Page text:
Leisure and Therapeutic Activity

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“Leisure activities give young people an opportunity to enjoy increased social inclusion.”

Department for Education, 2011

Stuff to Do, Ways to Feel Better



Cater for young people’s hunger for structure, stimulation and recognition and the ward will be a happier and more productive place. Great CAMHS wards provide a range of individual, group and family interventions facilitated by a multidisciplinary team. A timetable offering a rich blend of structured and unstructured activity, including mealtimes, group work, therapies, physical activity, play, rest periods, free time, visiting and education is a must on any mental health ward. How? With loads of creativity, imagination and flexibility. Heroic CAMHS staff have the gift of thinking creatively and flexibly yet are able to retain appropriate boundaries. They provide well-timed interest, curiosity, empathy and compassion along with mindful responses, all of which ease the experience of mental health problems for young people.
Most wards draw influence from theoretical values developed in therapeutic communities, which emphasise the importance of psychosocial nursing and a living-learning therapeutic environment. CAMHS staff should be trained, supervised and supported to be skilled in delivering a full range of specialist interventions, based upon the best available evidence.
This theme aims to champion young people having constructive, therapeutic, meaningful and enjoyable things to do while in hospital, and maintaining, as far as possible, activities, hobbies and interests from their home life. Young people often have at least one hobby or interest, and enjoying these while in hospital can be as important as enjoying them at home - sometimes more important. 15 and 16 year olds in particular, typically develop a strong interest in an artistic subject such as music or drawing, so feeling connected to this can be highly reassuring and beneficial while living in a somewhat alien place. Children are noticeably happiest when they have ample opportunity to explore their inner and outer world, through play for example (Payne & Ross, 2009). Children use play instinctively to process both environmental stress and inner conflict. Play therapy helps them make sense of distressing experiences and eases their anxiety (Lansbury, 2014). It’s also beneficial to maintain a good balance between encouraging young people to do stuff and interact with others and allowing them their own ‘headspace’. Young people often need regular, short breaks to process what they’re feeling and learning.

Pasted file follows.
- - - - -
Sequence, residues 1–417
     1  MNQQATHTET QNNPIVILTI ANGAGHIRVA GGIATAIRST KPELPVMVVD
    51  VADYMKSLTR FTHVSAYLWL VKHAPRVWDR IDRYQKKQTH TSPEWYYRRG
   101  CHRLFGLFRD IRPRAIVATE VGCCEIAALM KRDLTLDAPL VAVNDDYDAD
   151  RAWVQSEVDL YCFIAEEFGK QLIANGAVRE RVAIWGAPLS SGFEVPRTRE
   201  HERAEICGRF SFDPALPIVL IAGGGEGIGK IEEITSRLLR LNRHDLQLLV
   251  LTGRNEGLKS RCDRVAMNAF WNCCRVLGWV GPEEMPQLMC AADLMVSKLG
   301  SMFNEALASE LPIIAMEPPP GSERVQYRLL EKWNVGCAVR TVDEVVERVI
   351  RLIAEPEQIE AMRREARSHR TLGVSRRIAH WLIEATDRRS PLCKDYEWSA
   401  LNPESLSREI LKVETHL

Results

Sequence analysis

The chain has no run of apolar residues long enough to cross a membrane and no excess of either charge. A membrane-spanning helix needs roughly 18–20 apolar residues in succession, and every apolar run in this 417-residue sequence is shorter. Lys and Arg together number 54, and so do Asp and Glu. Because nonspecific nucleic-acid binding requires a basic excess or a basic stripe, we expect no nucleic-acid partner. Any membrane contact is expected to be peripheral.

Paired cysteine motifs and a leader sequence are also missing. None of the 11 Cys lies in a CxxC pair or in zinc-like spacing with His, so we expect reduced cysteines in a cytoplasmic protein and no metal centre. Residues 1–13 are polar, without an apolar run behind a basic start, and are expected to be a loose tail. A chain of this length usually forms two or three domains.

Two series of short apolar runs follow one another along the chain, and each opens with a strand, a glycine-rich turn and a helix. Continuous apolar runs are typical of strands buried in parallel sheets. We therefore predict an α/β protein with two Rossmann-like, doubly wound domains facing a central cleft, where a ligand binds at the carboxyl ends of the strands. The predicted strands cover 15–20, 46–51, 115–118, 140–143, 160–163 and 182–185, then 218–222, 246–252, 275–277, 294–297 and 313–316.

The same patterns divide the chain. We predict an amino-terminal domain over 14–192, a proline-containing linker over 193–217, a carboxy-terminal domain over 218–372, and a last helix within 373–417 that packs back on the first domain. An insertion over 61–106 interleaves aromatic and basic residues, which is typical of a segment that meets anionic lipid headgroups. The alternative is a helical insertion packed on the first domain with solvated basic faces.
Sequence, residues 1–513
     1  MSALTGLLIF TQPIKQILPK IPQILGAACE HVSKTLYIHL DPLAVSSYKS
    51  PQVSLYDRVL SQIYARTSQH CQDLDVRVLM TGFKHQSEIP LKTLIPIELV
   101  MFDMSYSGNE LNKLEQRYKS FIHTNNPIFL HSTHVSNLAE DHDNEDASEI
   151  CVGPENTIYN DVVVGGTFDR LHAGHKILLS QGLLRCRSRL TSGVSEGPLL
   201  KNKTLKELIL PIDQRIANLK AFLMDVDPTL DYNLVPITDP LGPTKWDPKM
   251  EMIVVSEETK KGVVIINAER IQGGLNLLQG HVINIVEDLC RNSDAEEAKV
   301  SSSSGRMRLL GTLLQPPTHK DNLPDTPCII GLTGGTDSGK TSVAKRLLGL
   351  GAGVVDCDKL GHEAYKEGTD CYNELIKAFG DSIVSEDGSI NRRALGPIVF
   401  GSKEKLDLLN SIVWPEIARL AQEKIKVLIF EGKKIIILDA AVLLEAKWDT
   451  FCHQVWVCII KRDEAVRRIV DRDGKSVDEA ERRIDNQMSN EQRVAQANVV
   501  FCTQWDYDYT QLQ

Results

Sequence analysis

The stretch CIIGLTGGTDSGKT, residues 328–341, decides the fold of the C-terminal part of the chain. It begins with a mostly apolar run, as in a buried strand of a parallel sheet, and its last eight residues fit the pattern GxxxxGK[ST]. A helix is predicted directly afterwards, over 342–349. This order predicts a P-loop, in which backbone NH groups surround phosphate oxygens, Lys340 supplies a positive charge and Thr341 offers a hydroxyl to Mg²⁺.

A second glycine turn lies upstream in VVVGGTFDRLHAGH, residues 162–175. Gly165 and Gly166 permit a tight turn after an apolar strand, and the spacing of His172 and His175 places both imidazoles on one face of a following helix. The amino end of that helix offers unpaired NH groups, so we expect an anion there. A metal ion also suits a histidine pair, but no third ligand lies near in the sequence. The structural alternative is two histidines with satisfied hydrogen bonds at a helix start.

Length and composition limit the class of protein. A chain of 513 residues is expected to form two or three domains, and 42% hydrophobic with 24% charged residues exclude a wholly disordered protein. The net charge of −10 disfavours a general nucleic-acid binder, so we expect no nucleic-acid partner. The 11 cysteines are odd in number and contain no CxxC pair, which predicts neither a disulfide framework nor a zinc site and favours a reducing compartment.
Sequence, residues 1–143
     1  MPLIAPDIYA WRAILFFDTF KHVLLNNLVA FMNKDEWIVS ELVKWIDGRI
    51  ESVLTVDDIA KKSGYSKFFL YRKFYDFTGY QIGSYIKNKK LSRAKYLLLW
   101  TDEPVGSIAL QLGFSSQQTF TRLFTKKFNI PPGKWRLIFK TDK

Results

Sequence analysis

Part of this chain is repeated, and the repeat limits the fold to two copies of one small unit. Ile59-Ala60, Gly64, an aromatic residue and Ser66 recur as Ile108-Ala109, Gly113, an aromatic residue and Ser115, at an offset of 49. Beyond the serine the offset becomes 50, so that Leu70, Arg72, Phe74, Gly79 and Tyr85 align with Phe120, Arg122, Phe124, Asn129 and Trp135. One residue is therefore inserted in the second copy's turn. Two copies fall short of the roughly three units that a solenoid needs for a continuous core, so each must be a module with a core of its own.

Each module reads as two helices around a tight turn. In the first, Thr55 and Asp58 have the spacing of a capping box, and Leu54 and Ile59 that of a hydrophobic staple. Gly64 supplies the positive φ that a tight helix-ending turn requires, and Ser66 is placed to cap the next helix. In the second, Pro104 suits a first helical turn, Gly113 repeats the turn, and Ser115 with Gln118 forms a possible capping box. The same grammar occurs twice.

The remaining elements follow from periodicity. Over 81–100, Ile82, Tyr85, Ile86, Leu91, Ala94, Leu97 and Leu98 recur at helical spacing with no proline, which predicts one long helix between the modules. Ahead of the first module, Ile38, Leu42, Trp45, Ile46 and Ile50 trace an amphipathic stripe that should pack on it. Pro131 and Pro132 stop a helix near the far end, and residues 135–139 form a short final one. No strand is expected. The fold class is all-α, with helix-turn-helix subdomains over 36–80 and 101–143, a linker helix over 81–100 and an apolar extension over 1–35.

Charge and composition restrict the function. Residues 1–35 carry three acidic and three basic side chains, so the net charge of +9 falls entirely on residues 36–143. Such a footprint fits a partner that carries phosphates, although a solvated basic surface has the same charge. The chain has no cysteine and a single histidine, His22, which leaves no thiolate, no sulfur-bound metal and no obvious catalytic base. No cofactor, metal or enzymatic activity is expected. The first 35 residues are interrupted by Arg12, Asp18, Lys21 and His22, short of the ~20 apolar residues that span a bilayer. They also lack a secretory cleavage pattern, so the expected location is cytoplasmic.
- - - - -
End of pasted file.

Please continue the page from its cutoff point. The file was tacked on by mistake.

Structure and routine are important to all patients of all ages, but they’re essential for a developing person. The structures that are in place provide security, focus, meaning and predictability. Throughout their development, young people internalise external structures and they become part of the way they relate to themselves and the world.
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In practice, the boundaries between what is therapeutic and what is therapy can be blurred. Here’s one way to think about this:

Food labelling law states that foods with flavour from real ingredients must be called ‘flavoured’. Bear with us here… Foods made with synthetic flavour must be called ‘flavour’ e.g. strawberry flavour.

So… some aspects of ward life are flavoured by therapy and are therefore classed as formal therapy, while others have the flavour (influence, inspiration, principals) of therapy and are therefore therapeutic. Of course, there’s nothing synthetic or artificial about these therapeutic qualities!

A timetable offering a rich blend of structured and unstructured activity is a must on any mental health ward: constructive, therapeutic, meaningful and enjoyable things to do.

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Living and Learning Together



One of the central foundations of ward life is community; one that lives, works and plays well together, one that feels safe and constructive for everyone. Feeling involved, and, therefore, able to engage and interact with others, can welcome an important internal shift in the way young people experience and respond to themselves and others. Culture influences everyone’s emotional expression and management - young people and staff alike.

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In her superb book, ‘From Toxic Institutions to Therapeutic Environments: Residential Settings in Mental Health Services’, Consultant Psychiatrist in Psychotherapy, Penelope Campling says that therapeutic environments should ideally provide a living-learning experience for all involved: “This means that mistakes will be made and there needs to be a firm commitment to maximising the learning potential within the culture and minimising the temptation to blame and humiliate when things go wrong.” (A point well-made when it comes to responding to staff mistakes, as much as to those of patients.) Within this kind of healing environment, young people actively participate in their own treatment and that of others. The community can help acknowledge and celebrate achievements and success and offer rewards. This interpersonal learning is especially crucial for young people at this tender point in their development. It often happens though groups and everyday living tasks, as well as through social, creative and physical activities. Regular community meetings for example, provide a space to think about relationships, reflect on any difficulties they bring and facilitate mutual support.